National Crafts in Kazakhstan
Like many other countries, Kazakhstan has its own unique folk crafts that originated in antiquity and developed over many millennia. As a result of archaeological excavations, finds from the Bronze Age were found, which testify to the large-scale development of crafts even several thousand years before our era. During excavations throughout Kazakhstan, a large number of handicraft items were found: jewelry made of bronze, gold, silver, copper, weapons, household items, dishes, ceramic items decorated with ornaments, carved items made of bone, and horns. All these studies and research after them, including archaeological finds, tell us an amazing story of the development of Kazakh folk crafts.
Kazakh Folk Crafts
Kazakh folk crafts were formed under the influence of the nomadic culture of the Kazakh tribes. The difficult and even harsh life of the nomads forced them to independently make everything they needed for life from what they had at hand.
The main occupation of the nomad was cattle breeding and hunting, which is why products obtained from animals were used as materials for crafts: leather, wool, down, bones, horns of cattle, and small ruminants. All this led to the development of such crafts as felting and felt making, leather dressing, sewing leather and felt clothes, making carpets, and felt. The bones and horns of animals were used to make jewelry and some household items. During that period, the art of bone carving was also strongly developed. From the bones and horns of animals, the craftsmen carved various figures, made thin plates with drawings and patterns, which were subsequently inlaid with pieces of furniture.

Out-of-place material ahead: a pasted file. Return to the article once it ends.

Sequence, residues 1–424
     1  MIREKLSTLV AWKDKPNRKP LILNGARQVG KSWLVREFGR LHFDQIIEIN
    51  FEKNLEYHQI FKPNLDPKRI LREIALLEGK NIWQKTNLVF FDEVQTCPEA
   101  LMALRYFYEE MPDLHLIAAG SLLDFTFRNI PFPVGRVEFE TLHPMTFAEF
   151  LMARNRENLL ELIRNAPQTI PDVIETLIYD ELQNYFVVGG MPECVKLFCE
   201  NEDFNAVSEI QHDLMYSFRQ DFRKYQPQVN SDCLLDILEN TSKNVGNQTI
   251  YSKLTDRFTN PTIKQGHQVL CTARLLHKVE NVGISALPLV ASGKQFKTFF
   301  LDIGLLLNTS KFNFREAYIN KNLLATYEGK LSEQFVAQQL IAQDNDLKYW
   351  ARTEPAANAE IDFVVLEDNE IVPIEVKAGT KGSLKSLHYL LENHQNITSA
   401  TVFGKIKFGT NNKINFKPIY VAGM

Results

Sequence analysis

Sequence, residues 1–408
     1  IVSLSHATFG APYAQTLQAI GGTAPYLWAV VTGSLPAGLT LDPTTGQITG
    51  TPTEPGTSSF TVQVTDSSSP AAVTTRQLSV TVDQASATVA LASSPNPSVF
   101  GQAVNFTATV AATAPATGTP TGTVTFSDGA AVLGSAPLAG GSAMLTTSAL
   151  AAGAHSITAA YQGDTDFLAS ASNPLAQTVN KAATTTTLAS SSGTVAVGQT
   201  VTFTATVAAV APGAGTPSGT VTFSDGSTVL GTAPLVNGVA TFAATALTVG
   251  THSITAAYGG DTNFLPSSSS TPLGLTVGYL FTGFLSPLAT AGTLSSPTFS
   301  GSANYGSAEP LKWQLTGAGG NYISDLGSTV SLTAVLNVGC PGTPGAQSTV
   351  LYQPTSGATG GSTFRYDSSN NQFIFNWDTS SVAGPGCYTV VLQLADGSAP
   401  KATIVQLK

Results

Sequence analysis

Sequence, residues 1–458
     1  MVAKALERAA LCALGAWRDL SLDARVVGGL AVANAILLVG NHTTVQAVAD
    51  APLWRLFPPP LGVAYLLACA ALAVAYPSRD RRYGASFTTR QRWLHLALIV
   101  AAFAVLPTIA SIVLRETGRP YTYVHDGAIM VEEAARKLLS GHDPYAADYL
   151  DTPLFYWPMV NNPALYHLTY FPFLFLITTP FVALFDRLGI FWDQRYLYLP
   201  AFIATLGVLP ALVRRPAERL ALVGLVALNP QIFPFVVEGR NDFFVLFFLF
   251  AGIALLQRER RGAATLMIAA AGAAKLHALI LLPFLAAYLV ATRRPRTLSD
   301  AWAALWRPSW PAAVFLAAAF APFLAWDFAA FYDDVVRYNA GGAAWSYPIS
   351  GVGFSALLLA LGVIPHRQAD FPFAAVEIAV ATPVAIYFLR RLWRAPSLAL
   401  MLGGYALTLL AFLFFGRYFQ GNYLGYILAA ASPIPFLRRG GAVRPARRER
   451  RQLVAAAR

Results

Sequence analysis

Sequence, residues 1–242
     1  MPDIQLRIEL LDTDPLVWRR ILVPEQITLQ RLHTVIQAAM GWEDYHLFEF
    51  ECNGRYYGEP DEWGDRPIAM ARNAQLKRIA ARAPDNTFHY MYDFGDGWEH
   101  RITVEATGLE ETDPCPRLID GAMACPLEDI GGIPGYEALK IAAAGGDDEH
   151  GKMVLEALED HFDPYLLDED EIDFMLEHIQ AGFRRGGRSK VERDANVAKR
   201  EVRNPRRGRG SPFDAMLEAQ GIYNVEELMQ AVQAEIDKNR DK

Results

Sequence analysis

Livestock leather and animal fur were used to make a wide variety of household items, from winter clothing and military armor to horse harnesses and water vessels. Naturally, leather was used to make shoes, in particular boots, because the nomads wore boots both in winter and in summer. Leather products were often decorated with embossing - this art was highly valued not only among Kazakhs but also among neighboring nations.
One of the most important and ancient Kazakh crafts is felt making and working with it. Thick felt ("koshma" in Kazakh) was used to cover yurts (traditional portable dwellings of Kazakhs), and thin felt was used as a material for sewing various clothes: chapans, dressing gowns, hats, etc. Felt was used as the basis for the «tekemet» carpet, which was laid on the floor in the yurt, and for the beautiful «tuskiiz» carpets with drawings and ornaments, which were hung on the inner walls of yurts as decoration. Along with this, carpet weaving from wool and the manufacture of rugs from thin strips of fabric «corpe» were well developed.